How to Build Night Vision Goggles

By John Rapp

Night vision goggles were invented for use by the military. Over the years, they have become popular among law enforcement agencies and hunters. The technology that makes the night vision possible is called an infrared image intensifier tube. The tubes transfer photons into electrons by passing a charge through a photo cathode and then illuminated by a phosphor screen. These goggles can be made at home using two simple methods.

Things You'll Need

  • Primary red theatrical gels
  • Congo blue theatrical gels
  • Super glue
  • Soldering iron
  • Welding goggles
  • 8 high-intensity infrared LEDs
  • Two 3-volt, button-cell batteries
  • X-Acto knife

Step 1

Buy welding glasses with removable lenses. These can be found at your local hardware store for about $7. A more expensive method would be to also buy a pair of IR scopes that are powered by battery and used for hunting rifles. You would then attach the scopes to the goggles using either super glue, epoxy glue or a soldering iron.

Step 2

Remove the lenses and trace their shape onto sheets of Congo blue and primary red theatrical gels, which are made for stage lighting. Ensure that you have two pieces for each color and cut all four pieces out using the X-Acto knife. Glue the blue gels first and then the red ones, by touching the outer rim of the gels all the way around with the super glue. Make sure you put one of each color gel in each lens hole of the goggles so that you end up with each eye filtering red and blue light. Gently lay them inside the goggles one at a time and wait for the glue to dry.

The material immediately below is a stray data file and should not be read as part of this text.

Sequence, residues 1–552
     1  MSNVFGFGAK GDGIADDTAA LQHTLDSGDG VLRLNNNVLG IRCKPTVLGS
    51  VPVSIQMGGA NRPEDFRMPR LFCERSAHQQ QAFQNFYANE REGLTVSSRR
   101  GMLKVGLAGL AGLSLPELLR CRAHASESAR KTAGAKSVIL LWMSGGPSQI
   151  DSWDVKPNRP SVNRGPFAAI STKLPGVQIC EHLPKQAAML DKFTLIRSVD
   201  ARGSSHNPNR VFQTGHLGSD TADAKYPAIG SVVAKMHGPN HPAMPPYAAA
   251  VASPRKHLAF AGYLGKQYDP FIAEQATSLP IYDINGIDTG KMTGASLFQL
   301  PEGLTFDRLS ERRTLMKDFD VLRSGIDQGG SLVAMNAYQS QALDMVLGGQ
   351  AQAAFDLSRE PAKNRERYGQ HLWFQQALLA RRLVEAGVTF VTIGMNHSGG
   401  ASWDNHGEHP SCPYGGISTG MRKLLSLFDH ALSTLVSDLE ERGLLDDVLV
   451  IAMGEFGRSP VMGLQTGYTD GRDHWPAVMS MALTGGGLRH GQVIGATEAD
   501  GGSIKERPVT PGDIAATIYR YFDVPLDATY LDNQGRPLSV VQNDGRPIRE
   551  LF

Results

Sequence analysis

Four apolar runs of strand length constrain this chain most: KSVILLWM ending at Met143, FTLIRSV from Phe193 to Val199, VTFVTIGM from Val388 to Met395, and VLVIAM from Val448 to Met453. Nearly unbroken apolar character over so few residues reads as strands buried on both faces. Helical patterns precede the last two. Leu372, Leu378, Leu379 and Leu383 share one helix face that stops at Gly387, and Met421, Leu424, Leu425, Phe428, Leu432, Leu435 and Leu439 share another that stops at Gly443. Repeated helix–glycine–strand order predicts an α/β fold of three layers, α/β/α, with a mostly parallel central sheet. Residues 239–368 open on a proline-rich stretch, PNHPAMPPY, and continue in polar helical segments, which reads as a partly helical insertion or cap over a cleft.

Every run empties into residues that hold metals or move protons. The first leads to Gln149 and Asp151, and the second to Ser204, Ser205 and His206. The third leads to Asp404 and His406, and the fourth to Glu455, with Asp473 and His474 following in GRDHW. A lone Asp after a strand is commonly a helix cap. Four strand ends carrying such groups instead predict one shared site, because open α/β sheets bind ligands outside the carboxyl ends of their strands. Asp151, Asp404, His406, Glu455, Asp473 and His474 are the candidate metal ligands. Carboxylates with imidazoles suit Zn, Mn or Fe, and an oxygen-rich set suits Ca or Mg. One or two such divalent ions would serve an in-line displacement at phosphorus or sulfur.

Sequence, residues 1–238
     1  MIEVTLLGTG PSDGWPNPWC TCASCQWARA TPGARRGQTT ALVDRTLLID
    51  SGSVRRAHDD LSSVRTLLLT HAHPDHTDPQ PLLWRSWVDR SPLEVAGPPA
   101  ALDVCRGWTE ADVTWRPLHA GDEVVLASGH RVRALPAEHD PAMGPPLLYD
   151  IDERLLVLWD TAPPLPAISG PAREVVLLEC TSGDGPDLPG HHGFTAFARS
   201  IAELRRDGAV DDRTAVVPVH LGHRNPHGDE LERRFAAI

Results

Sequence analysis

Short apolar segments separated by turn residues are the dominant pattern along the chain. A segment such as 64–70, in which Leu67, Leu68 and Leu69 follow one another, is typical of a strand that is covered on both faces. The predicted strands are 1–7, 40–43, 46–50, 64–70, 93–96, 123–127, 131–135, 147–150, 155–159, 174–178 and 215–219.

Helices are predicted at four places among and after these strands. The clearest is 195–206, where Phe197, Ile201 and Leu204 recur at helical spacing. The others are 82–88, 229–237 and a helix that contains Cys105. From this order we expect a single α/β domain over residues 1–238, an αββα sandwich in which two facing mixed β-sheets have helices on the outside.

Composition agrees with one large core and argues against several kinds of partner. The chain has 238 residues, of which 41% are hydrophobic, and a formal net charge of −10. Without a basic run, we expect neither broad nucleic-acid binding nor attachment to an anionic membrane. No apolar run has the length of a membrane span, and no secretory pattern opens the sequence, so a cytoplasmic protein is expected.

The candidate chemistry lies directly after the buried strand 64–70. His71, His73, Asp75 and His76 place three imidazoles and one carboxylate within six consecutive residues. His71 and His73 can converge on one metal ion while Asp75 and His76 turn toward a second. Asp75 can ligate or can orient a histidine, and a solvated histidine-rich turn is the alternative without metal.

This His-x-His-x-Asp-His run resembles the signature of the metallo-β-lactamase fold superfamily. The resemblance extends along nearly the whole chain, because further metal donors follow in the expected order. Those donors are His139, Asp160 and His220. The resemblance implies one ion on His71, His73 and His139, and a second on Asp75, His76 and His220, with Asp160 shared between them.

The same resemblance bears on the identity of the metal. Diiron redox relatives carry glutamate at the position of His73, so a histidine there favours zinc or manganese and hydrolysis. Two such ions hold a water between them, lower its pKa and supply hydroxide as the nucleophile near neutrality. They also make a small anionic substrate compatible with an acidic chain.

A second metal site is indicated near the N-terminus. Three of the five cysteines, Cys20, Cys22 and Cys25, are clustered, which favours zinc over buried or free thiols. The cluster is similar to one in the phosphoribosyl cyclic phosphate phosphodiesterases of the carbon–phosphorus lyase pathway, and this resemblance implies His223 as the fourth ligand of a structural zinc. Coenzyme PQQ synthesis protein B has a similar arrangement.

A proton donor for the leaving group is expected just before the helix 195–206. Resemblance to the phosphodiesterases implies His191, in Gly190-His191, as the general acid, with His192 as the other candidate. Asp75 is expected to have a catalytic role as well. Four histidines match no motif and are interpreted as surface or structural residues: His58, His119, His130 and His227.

Step 3

Glue the eight high-intensity infrared LEDs, four on each side, to the outside of goggles and on the outer edge of the lenses so that they are to left of the left lens and to the right of the right lens. The LEDs create the illumination needed to filter the light through the colored gels. Secure the wires of the lights to the outer edge of the goggles using electrical tape.

Step 4

Wire the lights to the 3-volt, button-cell battery and glue the battery to the side of the goggles. Ensure that there is a battery on each side of the goggles so that each set of lights has a battery. Leave the plus wire short so that it does not touch or tape it down so it isn't able to make contact. You may also want to wire a switch from the wire to the battery so that the goggles can be turned on and off. However, you can simply tape the wire to the battery when in use.

Step 5

Take your goggles outside to test them. If the image is weak or not well illuminated, you may need to add more LEDs or another layer of gels.